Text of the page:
The address determines if your child gets cavities in the teeth

11. may 2010  
Filed in News

Most parents think that their residence may have an impact on whether their children will get tooth decay or not. A new Danish study shows that there is a strong correlation between the children's and young people's place of residence and the risk of caries (holes in teeth), writes Tandlægebladet.

Fluorkoncentrationen in the tap water that comes out of the taps in the home, can have a crucial impact on their children's cariesrisiko. Children who live in Siberia, are twice as likely to get tooth decay as children living in the southeastern part of Zealand and on Lolland-Falster, Møn and Bornholm, where fluorkoncentrationen is the highest.

There is a big difference in fluorkoncentrationen in the drinking water, depending on where you are in the country. If one lives as a child or young person in an area where there is a high concentration of fluoride in the drinking water, it may mean that the risk of getting cavities in the teeth can be half as great as in an area where fluorindholdet is low – for example in west Jutland, where the risk of getting holes in your teeth is up to twice as large as the areas where fluorkoncentrationen is a maximum. The more fluoride in the water, the fewer holes.
The survey is conducted among 48.351 children 5-years of age and 43.848 15-year-olds in the entire country.

Here you can see what fluorindholdet in the drinking water is in your area. Click on the image to see the bigger picture.


Read more in Tandlægebladet no. 6 2010 or on the www.tandlaegebladet.dk

”Sweet” cultural background affects children cariesrisiko

10. april 2010  
Filed in News

If the mother and father have a short education or non-western background, the risk of caries in children is significantly larger than that of the average. It shows a new Norwegian study, published in Community Dentistry and Oral Epidemiology.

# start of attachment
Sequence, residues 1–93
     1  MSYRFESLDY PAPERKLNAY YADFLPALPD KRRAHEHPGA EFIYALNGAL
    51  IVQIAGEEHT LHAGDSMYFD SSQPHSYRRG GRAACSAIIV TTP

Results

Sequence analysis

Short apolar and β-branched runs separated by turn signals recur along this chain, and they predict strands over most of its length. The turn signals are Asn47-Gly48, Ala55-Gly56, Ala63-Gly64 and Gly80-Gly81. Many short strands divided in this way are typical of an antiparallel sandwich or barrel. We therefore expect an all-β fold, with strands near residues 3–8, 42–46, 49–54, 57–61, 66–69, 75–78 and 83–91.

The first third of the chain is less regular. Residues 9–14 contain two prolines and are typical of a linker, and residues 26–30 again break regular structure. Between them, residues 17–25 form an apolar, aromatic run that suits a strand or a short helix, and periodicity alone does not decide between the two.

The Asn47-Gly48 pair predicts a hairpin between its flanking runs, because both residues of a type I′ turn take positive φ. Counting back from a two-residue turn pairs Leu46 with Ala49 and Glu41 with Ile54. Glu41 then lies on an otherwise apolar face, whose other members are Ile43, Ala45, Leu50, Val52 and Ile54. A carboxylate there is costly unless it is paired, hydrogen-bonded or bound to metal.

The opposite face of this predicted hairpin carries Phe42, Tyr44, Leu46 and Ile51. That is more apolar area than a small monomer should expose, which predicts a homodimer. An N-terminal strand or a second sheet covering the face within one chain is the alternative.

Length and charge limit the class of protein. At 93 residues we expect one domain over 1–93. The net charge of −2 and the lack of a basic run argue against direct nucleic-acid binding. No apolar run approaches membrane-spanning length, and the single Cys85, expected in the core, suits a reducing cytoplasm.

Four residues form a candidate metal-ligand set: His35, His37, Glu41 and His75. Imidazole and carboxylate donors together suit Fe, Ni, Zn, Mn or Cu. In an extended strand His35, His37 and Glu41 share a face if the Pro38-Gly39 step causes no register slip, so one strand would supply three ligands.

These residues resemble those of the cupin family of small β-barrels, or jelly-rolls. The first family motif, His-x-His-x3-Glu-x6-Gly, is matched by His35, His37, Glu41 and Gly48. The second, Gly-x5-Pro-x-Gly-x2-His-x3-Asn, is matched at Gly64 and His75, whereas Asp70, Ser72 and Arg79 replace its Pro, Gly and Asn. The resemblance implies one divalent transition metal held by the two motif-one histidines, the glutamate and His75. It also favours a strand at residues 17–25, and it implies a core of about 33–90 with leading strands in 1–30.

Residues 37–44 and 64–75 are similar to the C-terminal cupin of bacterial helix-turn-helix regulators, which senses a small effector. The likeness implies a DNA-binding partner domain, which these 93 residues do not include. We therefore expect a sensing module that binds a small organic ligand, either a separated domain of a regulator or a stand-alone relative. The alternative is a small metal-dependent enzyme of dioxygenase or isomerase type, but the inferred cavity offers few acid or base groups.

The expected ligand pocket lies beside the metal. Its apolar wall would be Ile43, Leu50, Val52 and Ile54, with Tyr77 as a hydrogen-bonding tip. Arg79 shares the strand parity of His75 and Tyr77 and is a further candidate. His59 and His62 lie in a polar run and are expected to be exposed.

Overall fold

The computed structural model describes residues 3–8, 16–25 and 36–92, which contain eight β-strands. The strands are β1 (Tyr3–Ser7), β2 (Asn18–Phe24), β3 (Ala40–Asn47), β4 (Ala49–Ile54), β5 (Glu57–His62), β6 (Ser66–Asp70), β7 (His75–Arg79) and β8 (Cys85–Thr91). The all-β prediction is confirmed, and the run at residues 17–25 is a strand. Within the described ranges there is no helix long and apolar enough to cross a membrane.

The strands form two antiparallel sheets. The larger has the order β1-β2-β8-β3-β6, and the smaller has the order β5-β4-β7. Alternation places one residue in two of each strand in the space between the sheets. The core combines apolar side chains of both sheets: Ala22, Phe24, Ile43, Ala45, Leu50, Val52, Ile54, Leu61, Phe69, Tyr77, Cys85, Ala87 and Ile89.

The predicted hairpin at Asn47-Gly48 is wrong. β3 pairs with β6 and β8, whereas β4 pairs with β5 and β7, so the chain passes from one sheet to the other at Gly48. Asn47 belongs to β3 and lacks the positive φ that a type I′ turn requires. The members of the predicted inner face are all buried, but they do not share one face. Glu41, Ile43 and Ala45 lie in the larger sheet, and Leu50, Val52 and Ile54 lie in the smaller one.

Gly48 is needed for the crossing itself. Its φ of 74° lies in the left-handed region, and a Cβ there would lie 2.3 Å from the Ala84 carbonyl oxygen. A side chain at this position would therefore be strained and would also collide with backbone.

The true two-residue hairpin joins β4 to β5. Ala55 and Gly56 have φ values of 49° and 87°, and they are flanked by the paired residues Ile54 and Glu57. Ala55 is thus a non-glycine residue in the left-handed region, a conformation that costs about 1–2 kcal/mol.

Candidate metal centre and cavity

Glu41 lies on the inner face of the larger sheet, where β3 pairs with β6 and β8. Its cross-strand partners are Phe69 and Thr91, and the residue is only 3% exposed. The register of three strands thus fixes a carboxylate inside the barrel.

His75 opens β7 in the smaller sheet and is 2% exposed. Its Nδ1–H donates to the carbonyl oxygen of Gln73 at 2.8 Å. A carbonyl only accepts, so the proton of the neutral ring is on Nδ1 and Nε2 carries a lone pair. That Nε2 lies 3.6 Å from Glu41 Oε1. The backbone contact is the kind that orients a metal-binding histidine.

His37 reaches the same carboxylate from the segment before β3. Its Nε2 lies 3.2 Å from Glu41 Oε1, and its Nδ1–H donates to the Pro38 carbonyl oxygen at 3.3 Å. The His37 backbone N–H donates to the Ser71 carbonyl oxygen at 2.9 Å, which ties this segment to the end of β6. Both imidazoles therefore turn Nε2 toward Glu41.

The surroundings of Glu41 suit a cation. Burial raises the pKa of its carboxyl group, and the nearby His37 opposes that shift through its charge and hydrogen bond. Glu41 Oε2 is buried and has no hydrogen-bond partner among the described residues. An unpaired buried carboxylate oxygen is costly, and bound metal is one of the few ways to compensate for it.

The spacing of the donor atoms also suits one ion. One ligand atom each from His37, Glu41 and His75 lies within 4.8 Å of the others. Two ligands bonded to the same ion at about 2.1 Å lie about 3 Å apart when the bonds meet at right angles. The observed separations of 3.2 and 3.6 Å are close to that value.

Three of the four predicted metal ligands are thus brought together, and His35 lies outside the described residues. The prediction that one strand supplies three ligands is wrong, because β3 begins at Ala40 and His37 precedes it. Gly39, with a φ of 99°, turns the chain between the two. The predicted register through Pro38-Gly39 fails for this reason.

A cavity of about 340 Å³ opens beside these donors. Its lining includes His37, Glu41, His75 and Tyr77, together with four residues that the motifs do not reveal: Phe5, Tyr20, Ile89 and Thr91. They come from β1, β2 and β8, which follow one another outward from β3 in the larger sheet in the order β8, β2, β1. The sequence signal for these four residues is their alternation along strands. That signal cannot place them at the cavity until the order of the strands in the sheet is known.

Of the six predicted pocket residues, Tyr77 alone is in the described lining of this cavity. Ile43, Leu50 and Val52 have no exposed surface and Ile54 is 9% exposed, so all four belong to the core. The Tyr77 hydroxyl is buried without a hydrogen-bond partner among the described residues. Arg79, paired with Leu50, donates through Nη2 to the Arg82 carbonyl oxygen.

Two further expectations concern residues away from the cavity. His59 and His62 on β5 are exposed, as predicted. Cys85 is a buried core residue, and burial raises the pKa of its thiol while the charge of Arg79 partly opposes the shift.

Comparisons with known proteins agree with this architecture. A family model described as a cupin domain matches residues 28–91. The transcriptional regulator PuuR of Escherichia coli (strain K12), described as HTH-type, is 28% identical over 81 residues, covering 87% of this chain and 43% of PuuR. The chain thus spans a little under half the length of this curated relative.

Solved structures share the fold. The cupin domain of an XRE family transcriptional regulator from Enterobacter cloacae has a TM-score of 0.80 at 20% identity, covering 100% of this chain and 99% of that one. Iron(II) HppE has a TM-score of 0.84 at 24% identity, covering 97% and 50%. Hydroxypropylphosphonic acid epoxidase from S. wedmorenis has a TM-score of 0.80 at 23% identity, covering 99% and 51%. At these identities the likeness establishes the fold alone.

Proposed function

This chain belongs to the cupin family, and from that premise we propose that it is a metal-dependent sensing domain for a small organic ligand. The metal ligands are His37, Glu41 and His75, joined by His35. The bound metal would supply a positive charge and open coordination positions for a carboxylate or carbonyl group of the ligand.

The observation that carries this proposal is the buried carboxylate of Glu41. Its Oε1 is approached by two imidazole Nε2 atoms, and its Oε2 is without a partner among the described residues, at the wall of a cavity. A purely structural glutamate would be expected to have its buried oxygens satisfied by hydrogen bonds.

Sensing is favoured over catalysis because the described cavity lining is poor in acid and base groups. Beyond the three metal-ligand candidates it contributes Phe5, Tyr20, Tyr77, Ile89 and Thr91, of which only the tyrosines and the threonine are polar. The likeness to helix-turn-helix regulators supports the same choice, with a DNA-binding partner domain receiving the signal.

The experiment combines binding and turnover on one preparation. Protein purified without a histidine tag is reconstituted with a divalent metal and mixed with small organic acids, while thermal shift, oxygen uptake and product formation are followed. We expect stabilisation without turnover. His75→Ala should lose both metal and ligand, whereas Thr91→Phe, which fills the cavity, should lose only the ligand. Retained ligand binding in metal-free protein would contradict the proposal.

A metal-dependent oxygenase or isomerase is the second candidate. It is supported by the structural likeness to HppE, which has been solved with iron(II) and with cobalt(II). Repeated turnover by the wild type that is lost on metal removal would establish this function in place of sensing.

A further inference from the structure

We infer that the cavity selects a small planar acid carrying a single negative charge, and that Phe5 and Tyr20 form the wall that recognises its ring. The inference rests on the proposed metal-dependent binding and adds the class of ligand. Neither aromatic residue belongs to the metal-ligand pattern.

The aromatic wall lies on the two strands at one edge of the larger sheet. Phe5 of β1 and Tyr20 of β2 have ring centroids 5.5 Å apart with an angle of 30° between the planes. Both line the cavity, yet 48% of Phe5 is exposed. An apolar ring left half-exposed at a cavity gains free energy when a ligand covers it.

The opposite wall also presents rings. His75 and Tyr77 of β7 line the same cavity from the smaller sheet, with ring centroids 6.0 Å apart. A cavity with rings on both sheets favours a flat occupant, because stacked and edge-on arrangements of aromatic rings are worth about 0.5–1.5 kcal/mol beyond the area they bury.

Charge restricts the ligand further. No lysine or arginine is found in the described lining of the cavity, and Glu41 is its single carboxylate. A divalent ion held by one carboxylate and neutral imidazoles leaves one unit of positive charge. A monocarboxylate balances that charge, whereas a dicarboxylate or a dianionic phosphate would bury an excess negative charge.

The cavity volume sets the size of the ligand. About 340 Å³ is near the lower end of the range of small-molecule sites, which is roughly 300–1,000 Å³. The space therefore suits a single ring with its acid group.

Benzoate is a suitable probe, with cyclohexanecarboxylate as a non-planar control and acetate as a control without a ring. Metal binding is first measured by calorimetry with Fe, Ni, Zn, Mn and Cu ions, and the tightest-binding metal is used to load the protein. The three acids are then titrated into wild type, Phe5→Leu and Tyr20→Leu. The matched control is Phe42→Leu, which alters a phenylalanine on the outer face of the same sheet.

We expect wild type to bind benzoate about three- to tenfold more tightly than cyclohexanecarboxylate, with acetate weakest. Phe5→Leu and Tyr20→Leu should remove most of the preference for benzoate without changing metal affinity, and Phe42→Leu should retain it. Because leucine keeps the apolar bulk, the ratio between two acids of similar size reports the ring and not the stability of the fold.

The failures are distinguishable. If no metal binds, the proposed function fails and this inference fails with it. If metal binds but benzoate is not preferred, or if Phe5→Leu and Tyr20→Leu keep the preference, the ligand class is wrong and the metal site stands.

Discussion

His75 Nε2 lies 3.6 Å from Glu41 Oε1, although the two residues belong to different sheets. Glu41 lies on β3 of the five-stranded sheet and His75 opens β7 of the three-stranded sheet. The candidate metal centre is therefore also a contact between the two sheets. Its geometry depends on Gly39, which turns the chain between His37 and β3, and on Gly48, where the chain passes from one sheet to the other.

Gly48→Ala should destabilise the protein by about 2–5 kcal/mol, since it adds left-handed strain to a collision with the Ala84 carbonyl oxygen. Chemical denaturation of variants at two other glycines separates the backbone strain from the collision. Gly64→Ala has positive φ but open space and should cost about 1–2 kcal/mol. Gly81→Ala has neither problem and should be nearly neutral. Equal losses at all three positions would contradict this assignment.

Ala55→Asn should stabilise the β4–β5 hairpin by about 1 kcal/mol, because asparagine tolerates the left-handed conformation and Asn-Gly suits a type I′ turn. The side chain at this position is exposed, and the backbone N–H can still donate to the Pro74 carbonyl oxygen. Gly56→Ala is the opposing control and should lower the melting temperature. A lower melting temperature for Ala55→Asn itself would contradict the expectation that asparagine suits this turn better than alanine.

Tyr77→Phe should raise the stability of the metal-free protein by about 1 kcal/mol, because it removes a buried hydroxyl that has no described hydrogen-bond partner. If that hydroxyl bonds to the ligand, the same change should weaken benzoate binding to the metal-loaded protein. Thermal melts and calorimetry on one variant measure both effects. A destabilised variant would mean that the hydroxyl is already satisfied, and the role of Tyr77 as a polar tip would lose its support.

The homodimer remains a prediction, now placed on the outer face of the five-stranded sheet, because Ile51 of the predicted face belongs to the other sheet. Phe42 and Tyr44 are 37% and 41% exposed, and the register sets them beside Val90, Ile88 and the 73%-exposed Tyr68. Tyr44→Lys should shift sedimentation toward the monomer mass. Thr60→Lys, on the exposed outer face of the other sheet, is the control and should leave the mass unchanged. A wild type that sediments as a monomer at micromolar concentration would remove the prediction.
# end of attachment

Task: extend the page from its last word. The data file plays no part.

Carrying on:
In the survey received 523 children made tandundersøgelse, while the parents responding to questions about the socio-economic conditions and on own tandplejevaner. In the group of parents with non-western background and education had the children, respectively, nine and twelve times more at risk for incipient caries in the enamel and tandbenet. This is due to excessive sugar intake, and lacked regular brushing.

Non-western background and education
“In the group of parents with non-western background and education had the children, respectively, nine and 12 times as likely to have incipient caries in enamel and in dentin. However, the confidence intervals for these probabilities was quite large, ie. uncertain and one should also notice that it is about 24 children out of a total of 523”, says Dorthe Holst, professor of samfundsodontologi at Oslo University, and adds:

"There is much to indicate that there is a "sweet", and not too systematic tandbørstekultur behind the numbers. Småbørnskulturen in part non-western families is different than it, which gradually came to characterize most of the nordic. We also find high cariesaktivitet among Norwegian children, but it is rather a windows - than a kulturudfordring. Fortunately, studies of the same issue, among 14-16-year-old children and young people in Oslo, have shown that the differences are blurred. A good and respectful communication with current families at risk should be able to give good results”.


Read more in Tandlægebladet no. 4 2010 or on the www.tandlaegebladet.dk

No-shows giving rise to the risk of caries in children

3. February 2010  
Filed in News

Udeblivelser

No-shows increases the risk of caries in children

No-shows from tandlægeaftaler, dental phobia, as well as parents who are avoiding dental treatment, are risk factors for the development of caries in children, shows a new Swedish study. The survey includes more than 500 children and their parents.

The Swedish authors conclude that children, who have a history of no-shows, and who have parents who fail when it comes to complying with the children's tandlægeaftaler – they have an elevated risk of having developed dental caries as a five-year-old.


Read more in Tandlægebladet no. 2 2010 or on the www.tandlaegebladet.dk

Tooth decay is transmitted from adults to children